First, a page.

Regenerative medicine is one of the fastest-growing practice areas at Health Advances. Our work has covered a variety of modalities including cell therapy, gene therapy, gene editing, and RNA-based technologies. These modalities have been explored through the lens of market landscaping, market access and healthy policy, due diligence, indication prioritization, competitive positioning, and target product profile development.
Kelly Cockerill is a Director at Health Advances, with expertise in treatments for rare disease, and global payer strategy, health policy, and market access.
Carrie Jones is a Vice President and leader in Health Advances’ Orphan Drug practice. At Health Advances, she has supported biopharma clients developing specialty and orphan drugs across therapeutic areas and modalities, including gene therapies, for over 12 years. Carrie helps biopharma clients advance novel therapeutics with support across the product lifecycle, from developing targeted portfolio strategies to defining efficient and effective product development and commercialization strategies.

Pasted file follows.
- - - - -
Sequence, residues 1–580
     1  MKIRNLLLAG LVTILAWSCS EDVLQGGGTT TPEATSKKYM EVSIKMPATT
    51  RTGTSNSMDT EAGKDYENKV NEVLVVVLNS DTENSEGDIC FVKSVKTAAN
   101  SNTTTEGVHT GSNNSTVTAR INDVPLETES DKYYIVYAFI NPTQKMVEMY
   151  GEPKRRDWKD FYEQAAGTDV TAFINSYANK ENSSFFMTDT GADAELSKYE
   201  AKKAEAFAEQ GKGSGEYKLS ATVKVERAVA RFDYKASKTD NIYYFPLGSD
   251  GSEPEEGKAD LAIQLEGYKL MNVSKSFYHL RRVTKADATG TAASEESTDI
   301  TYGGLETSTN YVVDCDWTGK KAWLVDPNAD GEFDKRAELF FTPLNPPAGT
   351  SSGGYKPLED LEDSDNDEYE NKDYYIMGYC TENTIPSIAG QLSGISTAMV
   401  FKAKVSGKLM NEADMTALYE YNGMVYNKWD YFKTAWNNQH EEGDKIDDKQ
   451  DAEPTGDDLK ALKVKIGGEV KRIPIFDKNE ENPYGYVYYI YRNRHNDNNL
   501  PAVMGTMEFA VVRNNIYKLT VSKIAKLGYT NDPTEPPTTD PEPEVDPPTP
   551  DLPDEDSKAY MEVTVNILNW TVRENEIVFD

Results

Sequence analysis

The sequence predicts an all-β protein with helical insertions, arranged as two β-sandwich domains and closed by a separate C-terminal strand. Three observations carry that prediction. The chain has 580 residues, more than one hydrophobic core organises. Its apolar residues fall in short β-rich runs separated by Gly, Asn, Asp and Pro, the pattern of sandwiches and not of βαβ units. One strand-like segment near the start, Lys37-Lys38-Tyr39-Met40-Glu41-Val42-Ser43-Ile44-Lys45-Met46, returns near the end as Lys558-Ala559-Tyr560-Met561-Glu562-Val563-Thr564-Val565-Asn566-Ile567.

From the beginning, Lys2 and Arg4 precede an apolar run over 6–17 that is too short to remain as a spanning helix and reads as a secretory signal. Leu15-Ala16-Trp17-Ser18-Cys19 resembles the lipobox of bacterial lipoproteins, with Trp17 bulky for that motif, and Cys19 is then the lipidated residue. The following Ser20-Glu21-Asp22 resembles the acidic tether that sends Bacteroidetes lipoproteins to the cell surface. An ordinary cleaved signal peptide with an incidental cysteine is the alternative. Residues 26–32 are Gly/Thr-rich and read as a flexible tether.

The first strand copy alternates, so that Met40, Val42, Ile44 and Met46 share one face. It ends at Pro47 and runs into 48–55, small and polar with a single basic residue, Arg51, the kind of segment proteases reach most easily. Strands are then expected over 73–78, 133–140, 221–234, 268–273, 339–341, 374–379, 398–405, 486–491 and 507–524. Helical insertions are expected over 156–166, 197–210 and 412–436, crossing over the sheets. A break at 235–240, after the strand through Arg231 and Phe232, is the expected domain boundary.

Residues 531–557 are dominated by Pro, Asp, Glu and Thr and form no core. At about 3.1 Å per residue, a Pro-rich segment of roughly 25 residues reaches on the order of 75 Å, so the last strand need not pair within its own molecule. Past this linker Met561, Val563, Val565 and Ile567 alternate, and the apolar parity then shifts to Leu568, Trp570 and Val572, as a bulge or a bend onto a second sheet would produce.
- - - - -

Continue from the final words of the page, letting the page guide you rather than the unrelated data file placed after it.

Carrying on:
Julia A. Gaebler, Ph.D., is Partner and Head of Global Market Access and Policy Strategy at Health Advances. She has 25+ years of experience in the biopharmaceutical industry and academia, in Global Market Access and Pricing, HEOR, Health Technology Assessment, Policy Analysis, and Health Services Research. A trained mathematical modeler, she works with biopharma, medtech, and digital health clients on pressing coverage and access challenges for new technologies.
For further discussion on these topics, contact us at email@example.com.